• Nobody had ever heard of them, particularly in the legal business.
  • They were registered with the General Directorate of Insurance as being fraudulent.
  • They looked, on the face of them, highly suspicious, and were printed off with cheap printers (we have several of these documents in our offices and the ink falls off them we ease).
  • When calling the company, based in some small flat in Alberto Aguilera Street (Madrid), a Spanish-speaking Italian person would take the call, make a note and promise to call back (which he never did).
  • Not once did they honour payments on a claimed bank guarantee.

All the above may have been known by LF only after representing you in the purchase, and hence they could resort to saying that it was not possible to have known then that this fraudulent entity was being used by certain not-so-solvent developers (and who presumably did not get proper guarantees for this reason). The reality, however, is that, with a minimum due diligence, any lawyer (and I even think than any layman with a cynical outlook) could have detected the fraud and prevented it. LF was processing contracts like a fast-food restaurant.

I would imagine that LF has not even reported this company to the police or the courts, nor has attempted to find remedy with their insurers to mitigate, if not totally, at least partially, the damage caused by their grave error.

The Spanish Supreme Court has established that a lawyer, not unlike doctors, architects or other professionals, have a obligation to carry out the task they have agreed to with an optimal execution, which presupposes an adequate professional preparation and entails a correct compliance with the entrusted job so that if it is not executed or it is improperly executed a full  or partial contractual default of the professional’s obligations will occur.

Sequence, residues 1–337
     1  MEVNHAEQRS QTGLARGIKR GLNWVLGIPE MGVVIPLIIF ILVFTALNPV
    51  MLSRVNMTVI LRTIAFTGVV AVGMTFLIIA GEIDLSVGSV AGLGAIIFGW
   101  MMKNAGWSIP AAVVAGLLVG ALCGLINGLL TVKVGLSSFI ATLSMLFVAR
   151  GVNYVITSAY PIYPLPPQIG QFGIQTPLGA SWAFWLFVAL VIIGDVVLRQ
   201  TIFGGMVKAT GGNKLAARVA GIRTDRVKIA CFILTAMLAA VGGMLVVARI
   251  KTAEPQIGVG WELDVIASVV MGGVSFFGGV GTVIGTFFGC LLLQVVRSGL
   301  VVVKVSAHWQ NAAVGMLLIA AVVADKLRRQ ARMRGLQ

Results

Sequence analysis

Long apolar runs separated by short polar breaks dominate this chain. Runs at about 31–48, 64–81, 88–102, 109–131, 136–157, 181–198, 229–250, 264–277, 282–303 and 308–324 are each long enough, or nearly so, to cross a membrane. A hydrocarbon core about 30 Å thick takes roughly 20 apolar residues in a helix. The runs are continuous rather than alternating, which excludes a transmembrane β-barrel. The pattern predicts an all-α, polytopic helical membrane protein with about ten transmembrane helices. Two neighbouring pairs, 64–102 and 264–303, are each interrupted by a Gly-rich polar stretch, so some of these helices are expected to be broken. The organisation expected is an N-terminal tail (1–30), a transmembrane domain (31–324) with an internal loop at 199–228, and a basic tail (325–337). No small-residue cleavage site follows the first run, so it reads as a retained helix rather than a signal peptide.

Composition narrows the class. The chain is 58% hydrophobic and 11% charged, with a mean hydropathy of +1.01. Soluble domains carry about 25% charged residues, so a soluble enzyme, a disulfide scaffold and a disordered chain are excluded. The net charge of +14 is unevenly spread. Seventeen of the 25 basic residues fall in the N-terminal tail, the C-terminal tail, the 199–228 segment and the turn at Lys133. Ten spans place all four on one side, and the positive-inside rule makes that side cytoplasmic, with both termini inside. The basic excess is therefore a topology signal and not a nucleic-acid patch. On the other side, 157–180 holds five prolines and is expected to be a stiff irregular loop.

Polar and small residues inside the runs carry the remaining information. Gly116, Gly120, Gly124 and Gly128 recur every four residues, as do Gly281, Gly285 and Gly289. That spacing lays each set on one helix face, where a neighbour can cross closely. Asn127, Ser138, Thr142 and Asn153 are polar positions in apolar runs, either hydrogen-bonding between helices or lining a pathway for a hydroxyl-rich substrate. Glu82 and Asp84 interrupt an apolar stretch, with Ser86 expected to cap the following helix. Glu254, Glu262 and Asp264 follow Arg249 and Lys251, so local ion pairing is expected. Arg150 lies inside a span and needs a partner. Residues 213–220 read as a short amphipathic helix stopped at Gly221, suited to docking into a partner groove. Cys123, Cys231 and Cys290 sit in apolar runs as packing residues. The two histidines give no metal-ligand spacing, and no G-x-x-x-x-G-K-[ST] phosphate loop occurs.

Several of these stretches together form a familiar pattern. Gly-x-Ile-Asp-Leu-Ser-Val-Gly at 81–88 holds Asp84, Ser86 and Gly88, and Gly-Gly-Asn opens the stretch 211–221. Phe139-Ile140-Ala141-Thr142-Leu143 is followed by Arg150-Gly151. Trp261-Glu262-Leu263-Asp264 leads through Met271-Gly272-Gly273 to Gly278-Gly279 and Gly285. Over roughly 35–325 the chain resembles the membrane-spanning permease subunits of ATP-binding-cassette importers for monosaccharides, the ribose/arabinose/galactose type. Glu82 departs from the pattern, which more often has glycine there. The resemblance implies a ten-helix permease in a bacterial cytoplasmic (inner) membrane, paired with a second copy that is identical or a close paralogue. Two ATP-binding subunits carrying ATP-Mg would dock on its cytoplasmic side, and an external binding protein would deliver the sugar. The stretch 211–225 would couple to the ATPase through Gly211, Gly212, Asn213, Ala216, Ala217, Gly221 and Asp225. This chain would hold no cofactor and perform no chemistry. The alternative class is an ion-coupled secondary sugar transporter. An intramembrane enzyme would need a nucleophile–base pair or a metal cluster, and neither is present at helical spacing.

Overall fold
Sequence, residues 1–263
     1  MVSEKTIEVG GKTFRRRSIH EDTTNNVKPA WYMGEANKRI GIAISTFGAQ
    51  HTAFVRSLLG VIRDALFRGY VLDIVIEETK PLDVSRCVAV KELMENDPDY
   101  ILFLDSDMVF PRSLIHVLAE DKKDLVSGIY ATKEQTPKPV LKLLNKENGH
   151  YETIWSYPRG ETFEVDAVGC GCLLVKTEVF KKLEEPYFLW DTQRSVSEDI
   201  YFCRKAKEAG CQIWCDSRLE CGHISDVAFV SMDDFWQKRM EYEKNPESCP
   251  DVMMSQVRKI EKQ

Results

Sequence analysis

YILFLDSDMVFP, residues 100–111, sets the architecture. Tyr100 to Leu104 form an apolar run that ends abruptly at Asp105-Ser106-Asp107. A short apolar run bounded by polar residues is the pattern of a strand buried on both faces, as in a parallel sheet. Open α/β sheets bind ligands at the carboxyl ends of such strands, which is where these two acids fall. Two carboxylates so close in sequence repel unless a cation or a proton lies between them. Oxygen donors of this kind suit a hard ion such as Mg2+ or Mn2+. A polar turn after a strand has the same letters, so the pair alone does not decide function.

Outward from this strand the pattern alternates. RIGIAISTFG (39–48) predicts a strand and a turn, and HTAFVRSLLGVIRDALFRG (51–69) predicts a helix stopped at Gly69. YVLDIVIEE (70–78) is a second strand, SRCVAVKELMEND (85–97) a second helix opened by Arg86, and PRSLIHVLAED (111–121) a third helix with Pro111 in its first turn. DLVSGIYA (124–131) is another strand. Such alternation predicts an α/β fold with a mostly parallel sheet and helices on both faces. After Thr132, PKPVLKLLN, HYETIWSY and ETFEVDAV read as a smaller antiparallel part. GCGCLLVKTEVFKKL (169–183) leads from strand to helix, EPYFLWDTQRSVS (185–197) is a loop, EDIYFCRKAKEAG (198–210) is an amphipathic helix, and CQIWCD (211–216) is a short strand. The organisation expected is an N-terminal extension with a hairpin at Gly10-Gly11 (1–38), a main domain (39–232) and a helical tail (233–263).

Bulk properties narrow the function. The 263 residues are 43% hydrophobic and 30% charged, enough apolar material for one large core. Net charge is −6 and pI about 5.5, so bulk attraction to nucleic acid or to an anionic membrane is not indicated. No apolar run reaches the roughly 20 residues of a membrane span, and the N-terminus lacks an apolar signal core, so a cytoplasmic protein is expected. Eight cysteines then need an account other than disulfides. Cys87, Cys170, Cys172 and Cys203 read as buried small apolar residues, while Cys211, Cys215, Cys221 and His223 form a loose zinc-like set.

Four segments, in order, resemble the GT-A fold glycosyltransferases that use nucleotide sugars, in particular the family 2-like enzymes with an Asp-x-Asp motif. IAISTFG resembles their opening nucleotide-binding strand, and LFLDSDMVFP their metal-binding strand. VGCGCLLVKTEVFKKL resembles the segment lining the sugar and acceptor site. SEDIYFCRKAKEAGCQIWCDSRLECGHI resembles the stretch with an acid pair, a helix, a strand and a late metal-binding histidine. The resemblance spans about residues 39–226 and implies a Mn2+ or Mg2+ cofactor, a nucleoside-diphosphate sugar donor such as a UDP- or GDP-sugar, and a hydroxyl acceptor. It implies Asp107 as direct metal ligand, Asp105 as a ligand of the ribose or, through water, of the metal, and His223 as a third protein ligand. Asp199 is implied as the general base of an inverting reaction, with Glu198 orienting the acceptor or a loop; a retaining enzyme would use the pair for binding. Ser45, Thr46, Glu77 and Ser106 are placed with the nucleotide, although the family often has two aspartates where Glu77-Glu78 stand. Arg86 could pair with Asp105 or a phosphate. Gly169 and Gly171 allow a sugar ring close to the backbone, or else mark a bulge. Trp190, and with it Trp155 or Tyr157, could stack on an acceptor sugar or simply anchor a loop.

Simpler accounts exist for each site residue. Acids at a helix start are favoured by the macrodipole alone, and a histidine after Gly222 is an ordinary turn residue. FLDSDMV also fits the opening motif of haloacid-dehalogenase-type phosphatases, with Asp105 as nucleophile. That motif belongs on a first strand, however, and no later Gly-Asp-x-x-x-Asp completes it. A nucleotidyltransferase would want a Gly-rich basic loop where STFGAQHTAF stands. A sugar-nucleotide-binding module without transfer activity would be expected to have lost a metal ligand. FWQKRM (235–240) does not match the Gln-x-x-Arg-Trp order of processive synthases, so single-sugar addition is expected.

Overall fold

Similarly, the Supreme Court has established that the obligation of a lawyer is not one of “result” but of “means”, which means that LF did not have an obligation to ensure, by way of searches and due diligence, that the development would be finished on time or at all, but certainly did have an obligation to ensure that, should the development not be completed, your deposit would be safe, which would have happened had LF carried out the instruction correctly.

In relation to professional indemnity insurance, the Malaga Law Society has signed a policy with the insurer Caser to cover losses of up to €600K per case. I am part of this insurance and presumably LF will be so as well, irrespective of other policies they may have taken out.

Since then we have found out that Compagnie des Guaranties has an address and accountants in London (30 City Road EC1Y 2AB and Arram Berlyn Gardner, respectively), files proper accounts, but, as expected, Mr. Mottola is never available. This evasive behaviour, coupled with the closing of the Madrid branch and, not the least, his inability to ever provide insurance services in Spain, as per the DGS (General Directorate of Insurance) ban, could be construed as a punishable offense with jail, for it is clear, if nobody else remedies it, that some hundreds of off-plan purchasers could have lost their deposits forever, as a direct result of this fraud.

Litigation, Property, Scams , , ,